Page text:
Two families bereaved by the UVF have pledged to vociferously oppose attempts by its leaders to secure legally held weapons and £5m funding for their community projects.
Gerry Armstrong whose 18-year-old brother Paul was beaten and then shot dead in 1974 said it would be "an obscene insult to innocent victims" if the Government agreed to the paramilitary group's request.
Paul McIlwaine, whose 18-year-old son David was stabbed to death 20 years ago, said it would be "insane" to grant firearm licences to UVF members.
Earlier this month, Sunday Life revealed that the paramilitary group's leaders wanted £5m of public funding for their community projects, in return for members morphing into the alternative Action for Community Transition (ACT) initiative.
Under current gun ownership rules in Northern Ireland, any new applicant suspected of having paramilitary links is automatically refused a licence.
In their talks with the Northern Ireland Office, UVF chiefs have asked for this rule to be waived for members who don't have terror convictions.
They have argued that having personal protection weapons is essential if the organisation is to transform.
Catholic teenager Paul Armstrong was abducted near his Ligoniel home in north Belfast in November 1974. The merchant seaman was tortured before being shot four times. His body was dumped in a disused bakery in Byron Street.
His brother Gerry said: "I woke up on the 46th anniversary of my wee brother's murder to find out that the UVF wanted millions of pounds and guns.
"The only thing the UVF should be getting is an order to disband. If the British Government is even contemplating giving in to them, it would be a massive slap in the face for my family and other innocent victims.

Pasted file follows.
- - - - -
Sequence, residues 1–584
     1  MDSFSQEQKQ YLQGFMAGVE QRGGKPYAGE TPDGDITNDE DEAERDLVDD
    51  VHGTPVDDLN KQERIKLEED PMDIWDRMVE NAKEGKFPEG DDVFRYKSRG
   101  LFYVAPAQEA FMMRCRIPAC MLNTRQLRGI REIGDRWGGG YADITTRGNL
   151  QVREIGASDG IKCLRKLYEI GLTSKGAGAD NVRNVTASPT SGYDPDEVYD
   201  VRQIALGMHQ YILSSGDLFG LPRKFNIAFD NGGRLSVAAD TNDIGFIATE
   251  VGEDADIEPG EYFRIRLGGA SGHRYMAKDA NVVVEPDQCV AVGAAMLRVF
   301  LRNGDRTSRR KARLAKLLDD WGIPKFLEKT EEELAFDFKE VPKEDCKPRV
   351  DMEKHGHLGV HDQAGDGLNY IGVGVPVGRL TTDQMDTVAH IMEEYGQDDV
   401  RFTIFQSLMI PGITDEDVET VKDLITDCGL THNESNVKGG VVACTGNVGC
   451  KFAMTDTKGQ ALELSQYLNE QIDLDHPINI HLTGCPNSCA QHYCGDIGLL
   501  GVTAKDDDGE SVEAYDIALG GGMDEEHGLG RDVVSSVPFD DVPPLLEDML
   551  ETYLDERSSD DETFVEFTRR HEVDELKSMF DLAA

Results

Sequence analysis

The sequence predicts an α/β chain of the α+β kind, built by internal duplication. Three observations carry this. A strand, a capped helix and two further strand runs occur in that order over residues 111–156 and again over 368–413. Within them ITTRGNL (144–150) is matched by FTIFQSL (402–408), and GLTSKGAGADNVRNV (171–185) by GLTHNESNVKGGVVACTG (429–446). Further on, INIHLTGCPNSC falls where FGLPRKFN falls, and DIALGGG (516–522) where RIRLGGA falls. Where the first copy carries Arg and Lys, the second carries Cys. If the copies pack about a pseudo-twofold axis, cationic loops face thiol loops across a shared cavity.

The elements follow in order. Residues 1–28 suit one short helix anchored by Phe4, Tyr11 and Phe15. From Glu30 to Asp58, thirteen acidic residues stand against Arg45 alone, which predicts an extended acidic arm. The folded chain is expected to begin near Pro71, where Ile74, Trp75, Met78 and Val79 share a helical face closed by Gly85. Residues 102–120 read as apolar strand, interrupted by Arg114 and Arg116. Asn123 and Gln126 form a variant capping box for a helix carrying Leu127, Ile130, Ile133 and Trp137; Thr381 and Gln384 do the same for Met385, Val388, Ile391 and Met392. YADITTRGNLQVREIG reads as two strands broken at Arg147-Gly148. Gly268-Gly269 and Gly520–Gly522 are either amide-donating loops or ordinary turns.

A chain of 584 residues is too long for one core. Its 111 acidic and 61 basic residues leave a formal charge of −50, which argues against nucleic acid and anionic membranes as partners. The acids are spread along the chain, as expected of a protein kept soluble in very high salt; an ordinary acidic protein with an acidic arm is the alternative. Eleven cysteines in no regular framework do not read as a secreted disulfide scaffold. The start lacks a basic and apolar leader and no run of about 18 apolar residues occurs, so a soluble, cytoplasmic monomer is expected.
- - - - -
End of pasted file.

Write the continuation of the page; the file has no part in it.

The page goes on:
"The policeman who visited our house promised my father that he would hunt to the ends of the earth for Paul's killers. We never heard from the RUC again.
"We know we will never get truth and justice, but we ask the British Government to at least treat us with a bit of respect and dignity." Gerry said his brother's murder had devastated the family.
"When Paul's body was found, the police thought he was a schoolboy because he was only 5ft three and looked so young.
"My mother was so traumatised that she didn't go the funeral. And she never once set foot in Milltown Cemetery.
"We had to take photographs of the grave to show her, and her heart was so broken that she could barely look at them. After all we've been through, this is just piling more hurt on us.
"The innocent victims don't have a voice. The narrative is dominated by the paramilitary leaders so I'm writing a book to try to redress the balance and tell my brother's story."
Protestant teenager David McIlwaine was killed with his friend Andrew Robb after a night out in a Tandragee nightclub in February 2000. His throat was so badly slashed that he had to be buried in a polo neck.
His hands were ripped to pieces from trying to defend himself. The undertakers worked on him for 34 hours before letting his parents see the body.
Neither man was a member of a paramilitary organisation, but a court later heard that 19-year-old Robb had made disparaging remarks about the UVF's Mid-Ulster leader Richard Jameson who had been murdered by the LVF the previous month.
David's father Paul said: "My son was butchered. He suffered 57 knife wounds and they tried to cut off his head.
"I was horrified to find out that some in senior positions in the Mid-Ulster UVF at the time had legally held guns. Others were being paid to work in security force bases.
"I'm not surprised that the UVF is looking for firearm licences for its members, but they should be refused.
"No way in this world should the Government consider giving members of an illegal, criminal organisation guns. Neither should terrorists who have murdered Catholics and Protestants receive £5m funding.
"They should be told to own up to all they have done and to disband. There shouldn't be any reward offered."
Loyalist Stephen Brown was convicted of the double murder of the two teenagers. Mark Burcombe, who turned supergrass, was convicted of conspiring to cause grievous bodily harm to Andrew Robb.